In his first stint at Creighton, Warming arrived in Omaha in 1989 to restart the Bluejays’ program, which had taken a four-year absence from competition. He took one year to recruit and get the program in administrative order. In their first season of competition, with a freshman-dominated roster, the Bluejays burst upon the Midwest Region scene with a 12-5-3 mark in 1990.
In its second season of competition under Warming’s leadership, Creighton climbed into the national rankings in 1991 after becoming the first visiting team to ever win the University of Virginia Tournament. The following season would prove to be the breakthrough year, as Creighton became the first team to beat traditional Midwest Region powers SMU and Saint Louis on the road in the same season with back-to-back victories on the same weekend. That feat gave the Bluejays a hold on the Region’s No. 1 ranking for 26 consecutive weeks. The Bluejays went on to claim their first MVC regular season title, Valley Tournament championship and NCAA Tournament berth.
Under Warming’s tutelage, the Jays finished an unbeaten, untied regular season (19-0-0) in 1993, which was the first time that feat had been accomplished in the NCAA since 1973. Creighton claimed the top seed in the NCAA Tournament and was the No. 1 team in the nation in the final ISAA coaches poll. The explosive success of Creighton’s program earned Warming the 1993 National Coach of the Year honor from Soccer News.
Warming reaped the rewards of success with consecutive MVC and Midwest Region Coach of the Year awards in 1992 and 1993. He was also a finalist for National Coach of the Year honors from 1991 through 1993.
Warming is not only an architect for soccer success on the field, he has helped design and raise funds for two of the finest facilities in the country. In 2003, the Bluejays played on campus for the first time in the program’s history, with the opening of the $13 million Michael G. Morrison, S.J., Stadium. The state-of-the-art facility was completed in 2004 and includes a one-of-a-kind Arena Grass synthetic surface, video replay board, covered grandstand seating and luxury suites. In 1999, while at Saint Louis, he helped return the Billikens to an upgraded on-campus facility as well, one which played host to the 2006 Men’s College Cup.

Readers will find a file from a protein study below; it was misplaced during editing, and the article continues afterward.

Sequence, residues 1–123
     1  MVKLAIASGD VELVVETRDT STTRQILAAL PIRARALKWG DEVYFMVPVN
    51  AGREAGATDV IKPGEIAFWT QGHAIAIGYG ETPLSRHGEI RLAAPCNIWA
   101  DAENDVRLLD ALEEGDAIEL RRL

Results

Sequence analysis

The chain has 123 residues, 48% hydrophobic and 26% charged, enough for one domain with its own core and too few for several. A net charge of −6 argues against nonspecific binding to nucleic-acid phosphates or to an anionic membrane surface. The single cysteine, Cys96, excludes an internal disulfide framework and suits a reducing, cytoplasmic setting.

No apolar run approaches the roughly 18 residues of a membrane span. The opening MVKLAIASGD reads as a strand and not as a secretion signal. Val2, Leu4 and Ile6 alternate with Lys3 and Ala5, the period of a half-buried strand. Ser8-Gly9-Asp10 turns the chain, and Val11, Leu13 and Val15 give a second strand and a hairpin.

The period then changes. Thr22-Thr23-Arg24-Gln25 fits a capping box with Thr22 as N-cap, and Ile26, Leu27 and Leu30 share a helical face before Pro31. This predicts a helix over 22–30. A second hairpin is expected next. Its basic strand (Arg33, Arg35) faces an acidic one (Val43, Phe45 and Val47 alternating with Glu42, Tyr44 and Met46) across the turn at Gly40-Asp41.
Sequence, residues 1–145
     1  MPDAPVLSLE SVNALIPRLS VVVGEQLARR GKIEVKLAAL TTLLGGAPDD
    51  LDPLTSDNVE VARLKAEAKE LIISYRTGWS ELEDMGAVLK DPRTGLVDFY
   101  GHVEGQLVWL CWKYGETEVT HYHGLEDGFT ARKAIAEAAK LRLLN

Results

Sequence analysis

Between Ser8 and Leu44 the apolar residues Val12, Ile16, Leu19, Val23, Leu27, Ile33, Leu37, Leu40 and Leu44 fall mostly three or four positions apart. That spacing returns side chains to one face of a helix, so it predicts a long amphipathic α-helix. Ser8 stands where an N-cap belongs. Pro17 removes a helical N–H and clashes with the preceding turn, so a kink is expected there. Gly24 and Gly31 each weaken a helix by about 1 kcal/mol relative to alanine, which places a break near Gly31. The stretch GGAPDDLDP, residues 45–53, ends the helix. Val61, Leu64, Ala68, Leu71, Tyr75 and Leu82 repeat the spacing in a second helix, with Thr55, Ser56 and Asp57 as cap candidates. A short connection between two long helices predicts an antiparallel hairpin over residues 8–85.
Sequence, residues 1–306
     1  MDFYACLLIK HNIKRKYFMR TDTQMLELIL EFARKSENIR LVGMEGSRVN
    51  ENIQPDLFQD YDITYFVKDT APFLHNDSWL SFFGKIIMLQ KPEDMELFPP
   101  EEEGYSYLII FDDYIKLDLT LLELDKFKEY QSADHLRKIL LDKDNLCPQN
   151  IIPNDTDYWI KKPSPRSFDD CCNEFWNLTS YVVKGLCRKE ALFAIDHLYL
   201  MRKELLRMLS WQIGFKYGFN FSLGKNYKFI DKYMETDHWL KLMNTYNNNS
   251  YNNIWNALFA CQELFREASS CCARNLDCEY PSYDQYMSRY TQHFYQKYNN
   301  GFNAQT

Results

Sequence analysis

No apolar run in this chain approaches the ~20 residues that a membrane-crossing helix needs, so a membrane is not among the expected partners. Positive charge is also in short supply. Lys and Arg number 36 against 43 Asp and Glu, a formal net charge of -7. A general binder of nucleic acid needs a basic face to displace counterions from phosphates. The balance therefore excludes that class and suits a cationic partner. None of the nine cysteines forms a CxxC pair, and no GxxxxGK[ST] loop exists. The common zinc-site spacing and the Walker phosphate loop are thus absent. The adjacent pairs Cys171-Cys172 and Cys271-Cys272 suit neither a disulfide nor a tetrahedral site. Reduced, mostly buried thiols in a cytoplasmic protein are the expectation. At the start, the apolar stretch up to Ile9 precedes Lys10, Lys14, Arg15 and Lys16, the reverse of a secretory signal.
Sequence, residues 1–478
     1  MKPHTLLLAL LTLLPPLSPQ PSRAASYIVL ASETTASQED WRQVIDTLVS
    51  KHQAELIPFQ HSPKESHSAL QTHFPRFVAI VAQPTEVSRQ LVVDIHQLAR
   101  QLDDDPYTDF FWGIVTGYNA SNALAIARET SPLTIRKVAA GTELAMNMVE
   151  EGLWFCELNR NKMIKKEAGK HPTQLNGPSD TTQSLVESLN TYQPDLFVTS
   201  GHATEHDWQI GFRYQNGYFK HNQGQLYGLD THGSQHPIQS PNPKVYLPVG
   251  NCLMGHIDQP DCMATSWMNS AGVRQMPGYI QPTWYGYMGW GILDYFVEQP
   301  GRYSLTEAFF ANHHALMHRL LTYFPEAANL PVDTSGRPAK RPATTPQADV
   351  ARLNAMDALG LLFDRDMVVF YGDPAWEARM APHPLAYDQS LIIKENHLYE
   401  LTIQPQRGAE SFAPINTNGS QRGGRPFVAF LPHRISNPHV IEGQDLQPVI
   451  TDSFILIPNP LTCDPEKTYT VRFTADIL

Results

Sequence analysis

Since the Bluejays’ move to one of the best college soccer venues in the country, Warming and his winning teams have helped fill the stands and suites at Morrison Stadium, as Creighton has led the MVC and ranked in the NCAA top-10 in attendance each of the past six seasons.
Warming’s outgoing personality and marketing touch have made the Bluejays a hot ticket in Omaha once again. He originally developed the “Peanut Galleries” program in the early 1990s, tailored to elementary school children, which has since evolved into “Operation Bluejay.”
He is known as a motivator who instills a strong work ethic in his teams. Those qualities have resulted in motivational speaking appearances for such companies as IBM, the Internal Revenue Service and Xerox. Warming believes in the Creighton tradition of community service. He has served as the honorary chairman of the Boy Scouts of America for Nebraska and western Iowa and honorary chairman of the Omaha Children’s Crisis Center annual fund raiser.
Warming began his coaching career at Transylvania (Ky.) University for one season before moving to Berry (Ga.) College. In five seasons there, he guided Berry to four NAIA District 25 championships and was named District Coach of the Year three times. Berry was 61-22-2 (.729) under Warming after recording just a 5-11-0 record the year prior to his arrival. His Berry squads set 14 school records, and his 1981 team led the nation by averaging 5.06 goals per match. He coached 34 all-district players, two NAIA All-Americans and an NAIA Academic Athlete of the Year.
An impressive run at Charlotte preceded the Creighton success story. Warming inherited a program that had posted a 6-12-0 record in 1981 and immediately turned the program around with an 11-6-3 record in 1982. Under Warming, Charlotte won its first Sun Belt Conference title and climbed into the ISAA Top 25 national rankings for the first time – in the heart of ACC country. While at Charlotte, Warming became the youngest coach (31 at the time) to post 100 career victories. He was named Sun Belt Conference Coach of the Year three times and posted a 67-52-17 mark in seven seasons at Charlotte.
Prior to his return to Creighton, Warming rebuilt a SLU program that had finished 6-12-0 the year before his arrival. In his first year at the SLU helm the Billikens advanced to the 1997 Final Four. In four seasons at Saint Louis, Warming’s teams won three regular-season Conference USA championships, two C-USA postseason tournament titles and advanced to the NCAA tournament each season, while posting a record of 60-17-10 (.747).
A 1975 graduate of Berea (Ky.) College, he was a four-sport varsity letterwinner. In addition to posting a 28-2-2 record as the starting goalkeeper, he lettered in golf, swimming and tennis.
Bob and his wife, Cindy, have been married for 32 years and have four children – Emily (24), Bess (22) and twins Audrey and Grant (19).